scanxietyWhen I finished phase 2 of my breast reconstruction in early April, my plastic surgeon called me one day to have a post-surgical chat. We talked about follow-up appointments and what was next for me after reconstruction. He was kind enough to ask me how I felt about another scan. He acknowledged the anxiety that is caused by having them. Thank you Kind Sir, for asking and being compassionate!  I put on a brave face and told him I won’t be as nervous about the next one. That brave face has since turned to fear, once again. My next scan to revisit these lesions is coming up in early September 2015. I’m scared, again. If they have stabilized this time and there is no visible change, my oncologist says this will be the last scan to check them unless I have symptoms down the road.

The Adversary & Arch-Rival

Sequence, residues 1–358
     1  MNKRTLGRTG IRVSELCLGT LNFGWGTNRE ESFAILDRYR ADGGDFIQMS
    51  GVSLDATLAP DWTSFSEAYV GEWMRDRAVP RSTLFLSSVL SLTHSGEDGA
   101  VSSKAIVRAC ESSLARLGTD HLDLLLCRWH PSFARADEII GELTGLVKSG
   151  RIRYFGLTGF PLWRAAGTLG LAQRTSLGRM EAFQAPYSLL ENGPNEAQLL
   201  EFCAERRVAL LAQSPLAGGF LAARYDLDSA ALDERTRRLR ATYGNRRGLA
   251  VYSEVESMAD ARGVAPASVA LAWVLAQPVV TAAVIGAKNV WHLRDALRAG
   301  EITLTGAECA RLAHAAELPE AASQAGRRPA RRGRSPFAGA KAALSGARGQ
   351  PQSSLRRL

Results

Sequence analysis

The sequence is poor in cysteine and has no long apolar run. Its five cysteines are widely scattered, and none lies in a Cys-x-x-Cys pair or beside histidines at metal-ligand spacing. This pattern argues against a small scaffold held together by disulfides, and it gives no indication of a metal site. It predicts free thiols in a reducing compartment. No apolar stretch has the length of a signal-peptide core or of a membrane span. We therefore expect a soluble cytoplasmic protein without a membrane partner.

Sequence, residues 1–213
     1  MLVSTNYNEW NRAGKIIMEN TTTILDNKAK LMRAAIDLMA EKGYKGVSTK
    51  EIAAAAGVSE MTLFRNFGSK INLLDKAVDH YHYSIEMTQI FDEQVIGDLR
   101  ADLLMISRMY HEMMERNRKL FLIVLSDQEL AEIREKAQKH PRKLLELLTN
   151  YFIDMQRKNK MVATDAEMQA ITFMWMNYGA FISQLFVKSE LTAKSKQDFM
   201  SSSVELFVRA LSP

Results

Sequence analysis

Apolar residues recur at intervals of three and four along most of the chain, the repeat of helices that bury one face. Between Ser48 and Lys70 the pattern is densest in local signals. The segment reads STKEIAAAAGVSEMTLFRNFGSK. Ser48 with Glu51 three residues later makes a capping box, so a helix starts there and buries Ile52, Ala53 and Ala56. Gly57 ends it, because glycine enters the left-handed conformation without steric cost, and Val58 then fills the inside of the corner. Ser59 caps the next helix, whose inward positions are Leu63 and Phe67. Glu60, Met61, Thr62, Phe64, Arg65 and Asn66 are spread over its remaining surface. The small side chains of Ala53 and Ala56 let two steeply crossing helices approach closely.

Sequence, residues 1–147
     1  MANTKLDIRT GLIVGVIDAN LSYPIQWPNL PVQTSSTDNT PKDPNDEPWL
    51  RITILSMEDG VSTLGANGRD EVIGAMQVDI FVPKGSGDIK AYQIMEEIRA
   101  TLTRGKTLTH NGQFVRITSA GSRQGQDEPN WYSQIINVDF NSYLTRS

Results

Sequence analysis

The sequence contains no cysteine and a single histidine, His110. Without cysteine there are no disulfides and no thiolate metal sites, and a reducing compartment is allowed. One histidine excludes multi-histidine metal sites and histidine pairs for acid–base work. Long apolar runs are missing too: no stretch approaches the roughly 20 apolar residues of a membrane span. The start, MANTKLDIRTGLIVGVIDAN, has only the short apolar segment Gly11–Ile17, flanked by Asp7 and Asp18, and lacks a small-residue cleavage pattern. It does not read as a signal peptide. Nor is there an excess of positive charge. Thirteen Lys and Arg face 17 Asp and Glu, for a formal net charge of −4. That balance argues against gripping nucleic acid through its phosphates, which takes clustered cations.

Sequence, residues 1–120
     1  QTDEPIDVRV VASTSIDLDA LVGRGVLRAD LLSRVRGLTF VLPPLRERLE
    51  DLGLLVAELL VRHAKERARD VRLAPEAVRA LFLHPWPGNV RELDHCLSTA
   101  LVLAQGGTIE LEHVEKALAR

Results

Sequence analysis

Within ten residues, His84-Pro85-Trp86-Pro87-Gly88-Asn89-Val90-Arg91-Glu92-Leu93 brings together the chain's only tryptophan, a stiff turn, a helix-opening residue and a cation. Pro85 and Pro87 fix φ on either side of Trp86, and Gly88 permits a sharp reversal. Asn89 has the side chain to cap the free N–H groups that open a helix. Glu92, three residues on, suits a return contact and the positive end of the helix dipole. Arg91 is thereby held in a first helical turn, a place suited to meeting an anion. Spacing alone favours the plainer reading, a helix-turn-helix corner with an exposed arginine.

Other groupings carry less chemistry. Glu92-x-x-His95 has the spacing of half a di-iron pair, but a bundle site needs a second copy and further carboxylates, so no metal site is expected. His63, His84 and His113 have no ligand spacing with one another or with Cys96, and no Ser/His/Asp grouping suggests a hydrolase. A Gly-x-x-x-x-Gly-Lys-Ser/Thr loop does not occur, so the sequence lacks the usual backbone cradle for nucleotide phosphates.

Do I have scanxiety? Call it what you will, scan PTSD, anxiety, scanxiety…. It’s real and it’s palpable every time I have to go through this. It does not get any easier. I try to stay positive in my writing but behind each of our cancer or BRCA stories, there is an adversary, an arch-rival. Mine was being told I was stage IV metastatic. I have a job to do. I have a passion about educating women dealing with a cancer diagnosis, twice, and moving beyond that to breast reconstruction. I don’t want anything to slow me down or stop me from doing that. I can’t tell you what respect I have for those who are living with stage IV mets. It means that your cancer is no longer curable.  We do need to focus more on finding a cure and doing more research on metastatic cancer. I get why there is a new movement and powerful voices in the metastatic community. I get why there is #MetsMonday and #IAmALifer on Social Media. I was in that club for a very brief and frightening week.  People just don’t always understand the depth and meaning of what metastatic cancer means.  There are several organizations that are leading the way in research, awareness and support.  Here are just a few.